* Largest senior service provider saving cash for food,
* School districts borrowing millions to stay open
* Governor, lawmakers still deadlocked
By Hilary Russ
NEW YORK, Oct 22 Pennsylvania's largest service
provider to senior citizens is running out of money and time, as
the state's new Democratic governor and Republican-led
legislature still cannot agree on a budget.
"I'm saving the little bit of money we have to pay staff and
food. I can do that probably for a couple more months," said
Holly Lange, Chief Executive Officer of Philadelphia Corporation
for Aging (PCA).
Pennsylvania, whose 2016 budget was due 113 days ago, has
the dubious distinction of being only one of two U.S. states,
along with Illinois, without a current budget.
But even Illinois - the worst-rated state in the nation - is
at least paying out education funding to schools.
"We feel completely isolated," said Joseph Gorham,
superintendent of the Carbondale Area School District, of
Pennsylvania's political stalemate. "It just doesn't seem at
this point that they understand quite how desperate we've
The Pennsylvania logjam puts the state's most vulnerable -
school kids, seniors, disabled, and the homeless - in the firing
line, as some of their care relies on state funds that have not
"Everyone has been feeling the pinch in some way, and it's
going to get worse the longer the situation goes without a
budget," said Steve Robinson, spokesman for the Pennsylvania
School Boards Association.
For example, Carbondale's schools, in northeastern
Pennsylvania, were down to $11,000 cash last month, but have
since received local tax revenues that should last through
mid-November. Still, by then they will owe nearly $2 million in
deferred pension contributions and payments to charter schools.
Altogether, Pennsylvania school districts have borrowed at
least $410 million to pay for operations during the impasse,
said state Auditor General Eugene DePasquale.
"We don't see any settlement any time soon," DePasquale
said. "You're getting close to a breaking point" in mid-November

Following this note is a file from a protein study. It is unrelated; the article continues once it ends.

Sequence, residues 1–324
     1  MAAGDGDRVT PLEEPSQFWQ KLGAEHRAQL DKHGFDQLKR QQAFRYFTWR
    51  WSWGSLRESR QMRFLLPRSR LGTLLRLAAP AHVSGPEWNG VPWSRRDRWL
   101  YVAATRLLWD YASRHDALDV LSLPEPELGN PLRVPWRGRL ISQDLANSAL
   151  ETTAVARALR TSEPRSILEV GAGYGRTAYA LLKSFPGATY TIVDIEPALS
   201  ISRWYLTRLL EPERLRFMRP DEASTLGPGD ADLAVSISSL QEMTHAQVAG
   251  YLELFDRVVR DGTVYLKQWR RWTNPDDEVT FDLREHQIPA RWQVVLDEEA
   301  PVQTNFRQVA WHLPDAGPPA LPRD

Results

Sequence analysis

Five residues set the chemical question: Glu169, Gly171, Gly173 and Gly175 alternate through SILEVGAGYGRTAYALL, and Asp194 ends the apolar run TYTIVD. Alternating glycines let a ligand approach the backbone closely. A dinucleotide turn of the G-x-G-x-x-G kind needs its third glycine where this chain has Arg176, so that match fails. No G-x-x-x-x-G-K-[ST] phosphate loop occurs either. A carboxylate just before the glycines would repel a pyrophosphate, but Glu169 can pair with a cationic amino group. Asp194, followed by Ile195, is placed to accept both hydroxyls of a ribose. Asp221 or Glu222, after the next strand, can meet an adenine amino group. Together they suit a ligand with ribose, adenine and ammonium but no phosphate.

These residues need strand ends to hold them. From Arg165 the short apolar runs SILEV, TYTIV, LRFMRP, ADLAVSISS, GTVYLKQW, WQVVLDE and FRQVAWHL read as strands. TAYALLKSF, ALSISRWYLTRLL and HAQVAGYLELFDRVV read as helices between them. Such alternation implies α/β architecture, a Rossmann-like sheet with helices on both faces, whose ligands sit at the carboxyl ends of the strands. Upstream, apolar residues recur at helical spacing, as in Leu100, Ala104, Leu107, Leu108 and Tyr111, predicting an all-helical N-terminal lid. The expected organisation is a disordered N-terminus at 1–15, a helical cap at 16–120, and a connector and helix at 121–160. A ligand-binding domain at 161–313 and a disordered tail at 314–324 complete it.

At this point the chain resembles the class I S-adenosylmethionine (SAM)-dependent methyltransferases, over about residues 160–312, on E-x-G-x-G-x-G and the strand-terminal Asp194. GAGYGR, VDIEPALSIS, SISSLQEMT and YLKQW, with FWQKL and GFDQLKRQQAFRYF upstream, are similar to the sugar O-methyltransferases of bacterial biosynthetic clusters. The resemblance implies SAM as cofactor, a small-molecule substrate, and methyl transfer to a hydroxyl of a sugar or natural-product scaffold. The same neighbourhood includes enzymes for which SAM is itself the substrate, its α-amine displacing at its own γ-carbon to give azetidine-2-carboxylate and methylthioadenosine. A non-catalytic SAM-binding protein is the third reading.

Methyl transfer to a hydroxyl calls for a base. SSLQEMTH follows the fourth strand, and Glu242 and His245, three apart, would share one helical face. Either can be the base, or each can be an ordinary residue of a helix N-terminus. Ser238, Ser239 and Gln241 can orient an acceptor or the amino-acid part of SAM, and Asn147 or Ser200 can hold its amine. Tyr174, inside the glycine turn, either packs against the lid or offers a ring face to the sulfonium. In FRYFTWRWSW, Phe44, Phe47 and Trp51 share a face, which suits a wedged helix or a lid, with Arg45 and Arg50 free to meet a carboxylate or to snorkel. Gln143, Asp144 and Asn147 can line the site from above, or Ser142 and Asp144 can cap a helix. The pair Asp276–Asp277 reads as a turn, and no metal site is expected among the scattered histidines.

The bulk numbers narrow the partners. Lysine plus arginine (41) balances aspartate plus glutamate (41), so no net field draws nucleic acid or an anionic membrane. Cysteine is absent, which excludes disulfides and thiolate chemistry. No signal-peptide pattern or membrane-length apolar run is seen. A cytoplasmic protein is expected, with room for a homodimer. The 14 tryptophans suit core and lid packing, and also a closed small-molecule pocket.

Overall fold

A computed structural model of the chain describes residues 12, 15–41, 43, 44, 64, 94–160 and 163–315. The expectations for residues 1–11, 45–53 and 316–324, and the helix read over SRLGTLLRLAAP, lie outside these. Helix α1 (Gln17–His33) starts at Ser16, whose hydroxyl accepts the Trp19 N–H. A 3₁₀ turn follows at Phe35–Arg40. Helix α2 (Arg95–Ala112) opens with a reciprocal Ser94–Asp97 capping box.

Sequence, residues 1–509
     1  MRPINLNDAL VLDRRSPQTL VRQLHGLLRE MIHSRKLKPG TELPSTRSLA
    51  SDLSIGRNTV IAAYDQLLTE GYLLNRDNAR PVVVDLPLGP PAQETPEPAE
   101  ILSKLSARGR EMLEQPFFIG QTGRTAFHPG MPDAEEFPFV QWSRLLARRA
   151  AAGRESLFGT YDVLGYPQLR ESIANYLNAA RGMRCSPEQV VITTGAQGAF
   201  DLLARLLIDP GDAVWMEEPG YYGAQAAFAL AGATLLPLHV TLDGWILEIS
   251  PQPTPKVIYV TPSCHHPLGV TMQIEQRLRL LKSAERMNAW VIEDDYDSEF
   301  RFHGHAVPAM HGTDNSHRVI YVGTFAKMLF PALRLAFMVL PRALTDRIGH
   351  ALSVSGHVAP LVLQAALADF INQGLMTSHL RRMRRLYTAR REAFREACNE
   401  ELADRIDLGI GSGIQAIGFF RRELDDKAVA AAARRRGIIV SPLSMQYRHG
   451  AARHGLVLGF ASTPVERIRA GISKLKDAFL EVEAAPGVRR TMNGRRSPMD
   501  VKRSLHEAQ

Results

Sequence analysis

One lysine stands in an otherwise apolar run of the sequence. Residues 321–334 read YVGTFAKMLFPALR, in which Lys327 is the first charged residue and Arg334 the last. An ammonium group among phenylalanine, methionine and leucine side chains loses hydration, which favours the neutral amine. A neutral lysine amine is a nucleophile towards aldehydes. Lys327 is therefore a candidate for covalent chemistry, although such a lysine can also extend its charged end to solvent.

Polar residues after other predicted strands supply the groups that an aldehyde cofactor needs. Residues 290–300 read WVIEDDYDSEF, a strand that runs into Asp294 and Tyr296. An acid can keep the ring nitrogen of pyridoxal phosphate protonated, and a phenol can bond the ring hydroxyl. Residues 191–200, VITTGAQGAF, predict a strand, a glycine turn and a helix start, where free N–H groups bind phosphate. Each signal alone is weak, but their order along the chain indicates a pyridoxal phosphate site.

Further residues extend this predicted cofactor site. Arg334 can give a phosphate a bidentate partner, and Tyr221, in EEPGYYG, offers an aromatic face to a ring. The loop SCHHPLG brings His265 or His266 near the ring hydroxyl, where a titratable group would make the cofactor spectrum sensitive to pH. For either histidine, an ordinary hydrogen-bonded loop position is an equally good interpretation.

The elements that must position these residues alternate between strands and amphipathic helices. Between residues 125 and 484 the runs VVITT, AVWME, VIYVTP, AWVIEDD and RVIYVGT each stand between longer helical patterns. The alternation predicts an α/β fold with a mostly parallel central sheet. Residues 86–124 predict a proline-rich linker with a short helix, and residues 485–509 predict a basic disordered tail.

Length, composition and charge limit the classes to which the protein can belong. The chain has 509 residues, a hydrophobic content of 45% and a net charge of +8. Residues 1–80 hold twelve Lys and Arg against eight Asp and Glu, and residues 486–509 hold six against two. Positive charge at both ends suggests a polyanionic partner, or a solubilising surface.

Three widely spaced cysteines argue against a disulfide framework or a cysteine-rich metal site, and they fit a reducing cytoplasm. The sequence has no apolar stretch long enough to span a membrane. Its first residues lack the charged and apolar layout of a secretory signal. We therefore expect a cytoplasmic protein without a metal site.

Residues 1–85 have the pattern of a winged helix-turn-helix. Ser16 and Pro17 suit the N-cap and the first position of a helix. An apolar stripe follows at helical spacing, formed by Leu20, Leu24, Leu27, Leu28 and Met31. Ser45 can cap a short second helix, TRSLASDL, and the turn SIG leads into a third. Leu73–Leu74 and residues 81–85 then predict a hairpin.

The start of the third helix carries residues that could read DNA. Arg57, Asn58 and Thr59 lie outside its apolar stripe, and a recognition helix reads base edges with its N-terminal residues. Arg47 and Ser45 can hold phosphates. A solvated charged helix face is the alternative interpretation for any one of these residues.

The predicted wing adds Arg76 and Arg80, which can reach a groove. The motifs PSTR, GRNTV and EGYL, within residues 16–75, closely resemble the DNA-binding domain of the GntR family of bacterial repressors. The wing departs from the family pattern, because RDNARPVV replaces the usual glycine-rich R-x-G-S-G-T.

for the poorer districts that are more reliant on state aid.
The current deadlock is partly over how to pay for increased
education funding. Democratic Governor Tom Wolf ousted one-term
Republican Governor Tom Corbett in November by promising to
restore education aid with income tax hikes and a new tax on
natural gas extraction.
Republicans struck down Wolf's spending plan and disagreed
with his fix for underfunded public pensions. They passed a
stop-gap budget, but Wolf vetoed it on Sept. 29.
The gridlock has left a $2 billion state budget deficit
unresolved and prompted Moody's Investors Service to revise its
outlook on Pennsylvania's Aa3 credit rating to negative on Oct.
Republican leaders say Wolf is holding Pennsylvanians
hostage to his tax proposals. Wolf says Republicans failed to
find meaningful ways to close the deficit or restore education
Whoever is to blame, the PCA and other service organizations
are being left in the lurch.
The nonprofit has 700 staffers to provide services of its
own throughout Philadelphia city and county, and it contracts
with 200 other providers of senior services, home care and adult
day care. PCA supplies about 5,000 hot meals per day at senior
centers, and another 4,000 daily home meal deliveries.
The PCA depends on about 70 percent of its funding from
state sources, mostly lottery revenues. It has exhausted its
borrowing power with a recent $14 million line of credit that
allowed it to pay contractors in July and August. However, they
have not been paid for September.
Even if it could borrow, that might be difficult, since the
delay in state payments contributed to Moody's Oct. 8 downgrade
of PCA's 2001 municipal bonds by four notches to junk at Ba2.
The state will eventually release funding to PCA, Lange told
Reuters. "But in the meantime it's a struggle and I'm concerned
that some of the services will not be available for the
(Reporting by Hilary Russ in New York; Editing by Daniel Bases
and Diane Craft)